How To Handle Device Diversity

By  Pat Brans — April 29, 2010

With so many kinds of smartphones, how can any organization integrate more than just a relatively small set? Check out our step-by-step guide.
 

Left to their own devices, most employees will carry around one smartphone for both business and personal use. It's much easier than carrying around two separate handhelds; and it's less confusing than managing two different phone numbers.

Many organizations just accept this fact and let workers use company-provided phones for personal use. The cost is relatively small, and it shows the company appreciates its employees. Besides, fighting this trend is like trying to push water uphill. Forward-thinking companies go with the flow and actually make it work in their favor.

Some enterprises take it from the opposite angle: they let people use the personal device they already have for work. Or they might give employees an allowance and let them go to the store and buy the handset they like.

Often the features you get on the consumer-purchased device surpass those on hardware intended for enterprise use. And employees frequently find consumer software that is better than that provided by the enterprise. This means employees become "prosumers" (professional users who buy like consumers) -- a fact that's not lost on device manufacturers, who actually identify prosumers as a market segment.

With so many kinds of devices, how can any organization commit to supporting more than just a relatively small set? After all, there are different form factors, which means input is different and the screen is different. There are different operating systems, and several versions of each. The challenge is daunting.

Here are three key guidelines to help companies tackle these challenges.

 

1. Find Simple Ways To Support Basic Apps

> Basic Email and PIM are among the easiest functions to support across different device types. Virtually all smartphones come with a local email client, and whether you are using Microsoft Exchange or Lotus Notes, you can easily switch on options on your email servers to make mail accessible to mobile users.

Beware: As soon as you start allowing company email on mobile devices, you have to think about data encryption. And if you want more sophisticated features, such as the ability to download and view attachments or access to more advanced calendar functions, you'll need more specialized client software.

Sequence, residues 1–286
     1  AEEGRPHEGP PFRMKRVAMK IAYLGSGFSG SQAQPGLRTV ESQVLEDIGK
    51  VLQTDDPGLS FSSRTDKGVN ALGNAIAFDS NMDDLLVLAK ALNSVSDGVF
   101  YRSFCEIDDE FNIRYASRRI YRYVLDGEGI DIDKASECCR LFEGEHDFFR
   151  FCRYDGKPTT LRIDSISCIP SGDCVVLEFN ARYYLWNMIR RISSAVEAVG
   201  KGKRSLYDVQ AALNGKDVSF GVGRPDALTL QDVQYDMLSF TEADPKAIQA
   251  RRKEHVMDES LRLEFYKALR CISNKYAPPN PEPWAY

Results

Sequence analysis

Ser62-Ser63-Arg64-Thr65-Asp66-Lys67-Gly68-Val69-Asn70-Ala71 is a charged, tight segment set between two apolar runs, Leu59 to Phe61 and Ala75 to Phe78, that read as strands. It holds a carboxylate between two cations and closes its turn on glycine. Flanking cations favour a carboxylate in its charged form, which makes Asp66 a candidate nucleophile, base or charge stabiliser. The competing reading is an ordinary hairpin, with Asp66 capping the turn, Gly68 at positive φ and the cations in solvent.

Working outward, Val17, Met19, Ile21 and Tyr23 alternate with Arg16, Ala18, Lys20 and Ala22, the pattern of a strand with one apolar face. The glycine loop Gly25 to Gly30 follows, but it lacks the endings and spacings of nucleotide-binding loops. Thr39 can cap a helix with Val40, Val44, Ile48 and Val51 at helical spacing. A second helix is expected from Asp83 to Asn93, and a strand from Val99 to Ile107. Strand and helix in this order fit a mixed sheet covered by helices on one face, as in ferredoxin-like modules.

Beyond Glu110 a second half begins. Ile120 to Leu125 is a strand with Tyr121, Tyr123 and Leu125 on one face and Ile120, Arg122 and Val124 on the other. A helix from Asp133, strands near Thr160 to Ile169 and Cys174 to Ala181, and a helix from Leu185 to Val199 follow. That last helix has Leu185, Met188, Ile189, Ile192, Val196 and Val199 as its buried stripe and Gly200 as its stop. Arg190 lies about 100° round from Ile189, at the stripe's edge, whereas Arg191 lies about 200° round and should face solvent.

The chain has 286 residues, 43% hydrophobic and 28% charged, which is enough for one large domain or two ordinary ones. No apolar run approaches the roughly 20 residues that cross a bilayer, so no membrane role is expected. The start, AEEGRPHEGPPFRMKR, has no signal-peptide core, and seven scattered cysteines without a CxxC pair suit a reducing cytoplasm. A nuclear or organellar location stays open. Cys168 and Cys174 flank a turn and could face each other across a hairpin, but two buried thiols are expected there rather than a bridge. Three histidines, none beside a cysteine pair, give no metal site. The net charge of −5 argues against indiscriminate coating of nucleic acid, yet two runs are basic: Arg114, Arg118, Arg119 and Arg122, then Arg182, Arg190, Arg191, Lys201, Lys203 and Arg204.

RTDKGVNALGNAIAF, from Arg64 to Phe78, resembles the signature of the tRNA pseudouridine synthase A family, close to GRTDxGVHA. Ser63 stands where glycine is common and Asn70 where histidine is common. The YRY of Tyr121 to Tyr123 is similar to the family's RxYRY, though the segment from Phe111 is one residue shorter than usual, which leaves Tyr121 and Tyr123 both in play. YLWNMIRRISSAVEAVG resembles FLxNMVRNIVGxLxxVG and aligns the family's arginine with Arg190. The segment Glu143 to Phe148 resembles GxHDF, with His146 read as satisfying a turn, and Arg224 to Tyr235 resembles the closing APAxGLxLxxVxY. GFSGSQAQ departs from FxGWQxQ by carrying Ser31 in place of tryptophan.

> Job-specific applications are less easy to support across device types. While you'll want to be open to supporting a large number of device types for email, for employees requiring specific applications, such as CRM, you need more control over which handsets can be used.

Beware: Java does a good job of allowing basic applications to run on multiple platforms, but is not a cure all. Handsets still have different screen sizes and input features. And anytime you have an application that needs to invoke device-specific functions (such as getting location information), it cannot be completely platform independent. Java can be slow, so you should check carefully to make sure any Java-based application runs fast enough for you.

 

> Accessing all mobile applications through a browser is an attractive idea, but there are many pitfalls. Making your applications web centric is one of the first approaches companies think of to become device agnostic. It's not that easy.

Beware: Browsers require ubiquitous network coverage, which you won't get, and the user experience for apps needing constant connectivity can be painful. Even on a desktop, every browser renders content differently. On a handheld, the variation is wilder because there are so many form factors.

 



 

2. Be Realistic About Your Mission-Critical Apps

> For mission-critical mobile applications, you'll need automatic backup and restore functions and you'll need to be able to quickly provision devices. Make a clear distinction between users of mission-critical mobile applications and the rest of the company.

Beware: You'll want to limit the acceptable device types to a very small number. It would be costly to keep a lot of different types of replacement handhelds in inventory and maintain the expertise to support them all in the field.

 

> Specialized devices should be the exception to the rule allowing employees to use the same handset for business and personal use. Some mobile apps require specialized hardware. For example, people working in rough environments need ruggedized devices. It makes no sense to allow personal use of these handhelds.

Beware: You'll want to allow some email functions for dispatches or other notifications. Make distinct email accounts accessible on such hardware.

 



 

3. Never, Ever Underestimate Security

> Security functions need to run on all devices where private data will be stored. Don't allow data to be stored on any handheld that doesn't provide data encryption.

Beware: You don't need to encrypt everything. Doing so would slow down the handset and use the battery more quickly. You need to be able to configure what gets encyrpted, but don't leave configuration of such features to the user.

 

> You'll need a device management platform to enforce security policy and set up configuration so users don't have to. If you expect users to set up the proper security on their handhelds, you're in for a nasty surprise. For users doing anything more than making phone calls and performing simple data operations that don't require security, you need to manage their devices.

Beware: The device management platform you choose will limit the kinds of handhelds you support. To support a wide range of handsets, consider using more than one kind of device management platform.

 


For More on this Topic
Read our four-part series, "Device Wars," at www.mobileenterprisemag.com/wars

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